Nonetheless it gives you a very informative overview of the Duane/Allman's advent. I was fascinated and if you want to know more about Duane and the Allman's history, I think you will be too.

Wednesday, August 14, 2013

House of Love, She Paints Words in Red

When I had to have a tooth extracted a few weeks ago, I spent some time in my dentist's office for several visits. They were playing what I assume was top-40 radio the whole time and I was taken aback. I just don't follow that genre these days for various reasons, partially because it has become somewhat marginalized with the burgeoning of niche programming. A big hit on top-40 these days--it's not a part of the national or world awareness in the top-to-bottom sense than it was when almost everybody listened to AM top-40 and knew all the songs, or at least I get that impression. There is a more specific target, others don't listen anymore so much, though they may know the sexy images of some of the "stars," no? Yeah and that's because the image is what matters now, not the music. But still, what I heard! Never mind what for now actually, it was what I did NOT hear. The influence of rock and r&b was not at all discernible, at least the 10-15 songs I heard. That came as a slight shock. It was homogenized synth pop of a pretty uniform, product-oriented, formulaic sort. I did not find much to like. It was a music churning machine thing and other than some hook there was nothing musically or song-wise that stood out. Rather awful.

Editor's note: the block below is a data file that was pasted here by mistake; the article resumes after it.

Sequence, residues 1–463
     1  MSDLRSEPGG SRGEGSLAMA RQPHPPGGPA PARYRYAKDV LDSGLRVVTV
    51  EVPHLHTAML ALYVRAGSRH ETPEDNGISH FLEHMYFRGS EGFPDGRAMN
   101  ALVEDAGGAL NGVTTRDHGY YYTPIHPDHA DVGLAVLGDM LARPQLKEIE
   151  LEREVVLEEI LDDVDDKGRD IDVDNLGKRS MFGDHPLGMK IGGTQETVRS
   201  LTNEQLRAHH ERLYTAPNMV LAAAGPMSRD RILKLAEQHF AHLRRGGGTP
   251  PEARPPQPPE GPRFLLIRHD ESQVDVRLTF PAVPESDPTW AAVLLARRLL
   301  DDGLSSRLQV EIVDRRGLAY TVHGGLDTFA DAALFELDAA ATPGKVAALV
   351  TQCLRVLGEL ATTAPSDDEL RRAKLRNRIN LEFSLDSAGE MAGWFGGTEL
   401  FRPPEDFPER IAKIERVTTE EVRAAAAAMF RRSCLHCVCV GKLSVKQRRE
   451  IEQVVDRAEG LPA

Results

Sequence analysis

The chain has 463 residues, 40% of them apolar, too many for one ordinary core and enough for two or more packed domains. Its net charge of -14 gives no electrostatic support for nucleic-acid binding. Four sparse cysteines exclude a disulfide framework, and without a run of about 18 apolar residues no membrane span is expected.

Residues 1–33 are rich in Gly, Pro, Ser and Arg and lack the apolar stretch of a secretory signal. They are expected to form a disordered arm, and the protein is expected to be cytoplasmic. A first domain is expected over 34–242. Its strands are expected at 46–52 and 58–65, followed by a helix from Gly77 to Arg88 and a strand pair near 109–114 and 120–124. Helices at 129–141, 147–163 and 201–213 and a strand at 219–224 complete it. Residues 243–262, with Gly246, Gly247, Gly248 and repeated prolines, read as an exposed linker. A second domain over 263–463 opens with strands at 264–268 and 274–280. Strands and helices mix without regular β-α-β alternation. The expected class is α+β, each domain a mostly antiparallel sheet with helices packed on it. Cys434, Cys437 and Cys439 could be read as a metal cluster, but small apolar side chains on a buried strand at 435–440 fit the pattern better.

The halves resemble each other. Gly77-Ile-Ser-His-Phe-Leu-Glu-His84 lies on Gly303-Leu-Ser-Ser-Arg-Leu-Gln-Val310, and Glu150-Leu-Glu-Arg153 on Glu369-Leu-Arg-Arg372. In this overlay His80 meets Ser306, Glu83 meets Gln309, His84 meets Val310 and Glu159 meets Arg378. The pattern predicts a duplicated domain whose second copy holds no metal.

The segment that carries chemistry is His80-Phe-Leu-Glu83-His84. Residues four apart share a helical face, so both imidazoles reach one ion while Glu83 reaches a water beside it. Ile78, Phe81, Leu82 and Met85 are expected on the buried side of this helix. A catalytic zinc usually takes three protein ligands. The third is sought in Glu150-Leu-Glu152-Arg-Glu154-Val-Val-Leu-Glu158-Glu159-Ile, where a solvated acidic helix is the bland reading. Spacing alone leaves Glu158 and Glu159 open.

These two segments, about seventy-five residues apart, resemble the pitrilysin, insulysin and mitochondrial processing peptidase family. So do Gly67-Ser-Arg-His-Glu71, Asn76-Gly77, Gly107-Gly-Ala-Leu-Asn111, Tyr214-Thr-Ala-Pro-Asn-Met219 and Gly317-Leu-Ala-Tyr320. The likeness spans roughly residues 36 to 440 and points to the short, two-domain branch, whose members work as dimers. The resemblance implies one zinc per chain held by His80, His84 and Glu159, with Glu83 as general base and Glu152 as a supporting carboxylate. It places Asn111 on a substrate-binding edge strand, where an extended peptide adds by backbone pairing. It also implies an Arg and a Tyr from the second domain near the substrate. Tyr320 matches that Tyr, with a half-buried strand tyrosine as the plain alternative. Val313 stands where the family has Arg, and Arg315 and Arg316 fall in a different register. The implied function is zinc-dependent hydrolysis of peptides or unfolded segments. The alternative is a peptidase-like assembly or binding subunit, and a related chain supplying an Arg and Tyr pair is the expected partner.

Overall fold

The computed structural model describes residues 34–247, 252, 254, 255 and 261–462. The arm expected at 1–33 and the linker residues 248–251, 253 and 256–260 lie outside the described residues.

I bring this up because today's CD by today's group might in another era have made it to the top-40 charts, with the right song. Like REM did even though REM had strength well beyond pop potential. OK so the House of Love group isn't pop. It's rock. But there are songs, real songs on the album She Paints Words in Red (Cherry Red 556). It's a strong singing going on too--maybe like mid-late Byrds slightly sometimes. There are good, straightforward lead vocals and nice harmonies when they go to that.

It's a guitar band in the combo-rock sense and there's decent playing going on, a decent lead guitarist too, though he doesn't play much in the way of solos and he isn't note-y as much as tasteful. The lyrics are more alt than trailer-trash dumb, and I suppose that's another reason the dentist's station would not find itself playing their songs. And given what I heard at the dentist, I don't imagine anything of substance would get played? So be it?